The paper is structured in six sections. After the introduction in section one, I move to section two where we present a (very) short history of urban surveillance contextualizing the drone surveillance technologies into the wider historical perspective moving from ancient street policing to contemporary urban high-tech surveillance systems. Section three goes into more detail as to what the drone technologies de facto are capable of. I shortly scan the utilitarian dimension of contemporary drone technologies by looking at what they can do in warzones as well as in peaceful environments. Section four then lift the gaze towards the theoretical framing presenting state-of-the art positions within the field of surveillance studies. This is followed by section five where I shortly present the mobilities turn and its potential relevance to the study of urban drone technologies. This theoretical framing is then followed by the sixth and final section of the paper where I embark on the discussion and reflection about the future use of drones in urban spaces. The nature of this section will point more to issues of further need for research and potential scenarios for future urban surveillance than any firm reporting of research findings. The paper thus aim for two goals; firstly to identify urban drone technologies a new and empirically important field of research. Secondly, to present the very first ideas of a theoretical frame based on surveillance studies and mobilities research, thus creating a platform for exploring ‘new Foucaultdian Boomerangs’ and the future of drones in urban surveillance.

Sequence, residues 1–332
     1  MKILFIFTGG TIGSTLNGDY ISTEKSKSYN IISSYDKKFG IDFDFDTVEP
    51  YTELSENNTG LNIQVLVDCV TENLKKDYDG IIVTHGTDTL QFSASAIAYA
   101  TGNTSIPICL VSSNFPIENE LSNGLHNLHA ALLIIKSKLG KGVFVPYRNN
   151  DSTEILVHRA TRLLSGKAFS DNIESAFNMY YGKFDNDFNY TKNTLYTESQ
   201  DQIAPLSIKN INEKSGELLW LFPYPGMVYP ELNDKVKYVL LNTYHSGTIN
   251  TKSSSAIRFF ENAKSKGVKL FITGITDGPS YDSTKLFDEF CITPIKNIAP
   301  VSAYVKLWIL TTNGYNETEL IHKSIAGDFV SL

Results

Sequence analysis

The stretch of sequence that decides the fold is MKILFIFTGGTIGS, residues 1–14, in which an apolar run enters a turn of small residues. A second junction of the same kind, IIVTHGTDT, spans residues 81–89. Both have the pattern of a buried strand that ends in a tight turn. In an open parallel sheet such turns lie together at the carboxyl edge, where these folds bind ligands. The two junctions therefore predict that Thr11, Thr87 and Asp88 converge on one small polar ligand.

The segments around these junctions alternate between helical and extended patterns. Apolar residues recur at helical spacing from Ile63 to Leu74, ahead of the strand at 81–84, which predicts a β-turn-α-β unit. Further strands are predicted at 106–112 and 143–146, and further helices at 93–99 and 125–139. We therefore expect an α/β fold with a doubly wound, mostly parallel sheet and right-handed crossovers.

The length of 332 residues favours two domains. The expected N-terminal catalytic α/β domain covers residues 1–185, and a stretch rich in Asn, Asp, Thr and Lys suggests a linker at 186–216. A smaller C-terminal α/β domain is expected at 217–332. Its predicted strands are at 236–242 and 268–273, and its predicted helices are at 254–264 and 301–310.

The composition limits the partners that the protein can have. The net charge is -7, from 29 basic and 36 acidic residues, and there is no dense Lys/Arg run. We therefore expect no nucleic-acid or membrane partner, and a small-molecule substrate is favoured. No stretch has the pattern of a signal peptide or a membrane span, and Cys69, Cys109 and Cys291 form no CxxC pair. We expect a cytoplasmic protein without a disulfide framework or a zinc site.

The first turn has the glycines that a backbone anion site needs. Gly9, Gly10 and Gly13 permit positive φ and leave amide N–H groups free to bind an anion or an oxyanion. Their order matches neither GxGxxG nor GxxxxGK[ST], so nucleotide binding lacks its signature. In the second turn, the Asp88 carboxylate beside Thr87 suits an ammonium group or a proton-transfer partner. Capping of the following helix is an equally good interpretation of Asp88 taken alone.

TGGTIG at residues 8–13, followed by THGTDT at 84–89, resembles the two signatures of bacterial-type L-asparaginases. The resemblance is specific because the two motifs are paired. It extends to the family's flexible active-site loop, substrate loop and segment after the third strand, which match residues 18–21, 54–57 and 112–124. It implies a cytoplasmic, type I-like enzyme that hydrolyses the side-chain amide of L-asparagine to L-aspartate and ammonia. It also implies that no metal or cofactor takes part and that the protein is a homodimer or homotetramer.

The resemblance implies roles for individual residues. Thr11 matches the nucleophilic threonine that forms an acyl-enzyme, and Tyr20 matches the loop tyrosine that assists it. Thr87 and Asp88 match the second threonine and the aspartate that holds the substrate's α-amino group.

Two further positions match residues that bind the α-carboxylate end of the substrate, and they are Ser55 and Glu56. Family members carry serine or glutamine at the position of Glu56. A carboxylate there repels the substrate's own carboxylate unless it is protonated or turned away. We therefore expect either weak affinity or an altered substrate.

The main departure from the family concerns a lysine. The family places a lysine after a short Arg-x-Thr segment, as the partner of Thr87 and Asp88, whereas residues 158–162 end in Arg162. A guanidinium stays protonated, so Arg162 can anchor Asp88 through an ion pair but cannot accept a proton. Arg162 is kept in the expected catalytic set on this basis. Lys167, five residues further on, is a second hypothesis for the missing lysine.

Original languageEnglish
Publication date6 Nov 2014
Number of pages15
Publication statusPublished - 6 Nov 2014
EventNetworked Urban Mobilities: How new technologies change cities, cultures and economies - Aalborg University Campus in Copenhagen, Copenhagen, Denmark
Duration: 5 Nov 20147 Nov 2014
Conference number: 10
http://www.cosmobilities.net/portfolio/num14/

Conference

ConferenceNetworked Urban Mobilities
Number10
Location Aalborg University Campus in Copenhagen
CountryDenmark
CityCopenhagen
Period05/11/201407/11/2014
Internet address

Fingerprint

surveillance
warfare
militarization
urban planner
police
agglomeration area
mobility research
utilization
air
society
scenario
crime prevention
world population
traffic control
Afghanistan
Vietnam
weapon

Keywords

  • Mobilties
  • Drones
  • Surveillance
  • Urban Design

Cite this

Jensen, O. B. (2014). New 'Foucaultdian Boomerangs': Drones and urban surveillance. Paper presented at Networked Urban Mobilities, Copenhagen, Denmark.
Jensen, Ole B. / New 'Foucaultdian Boomerangs' : Drones and urban surveillance. Paper presented at Networked Urban Mobilities, Copenhagen, Denmark.15 p.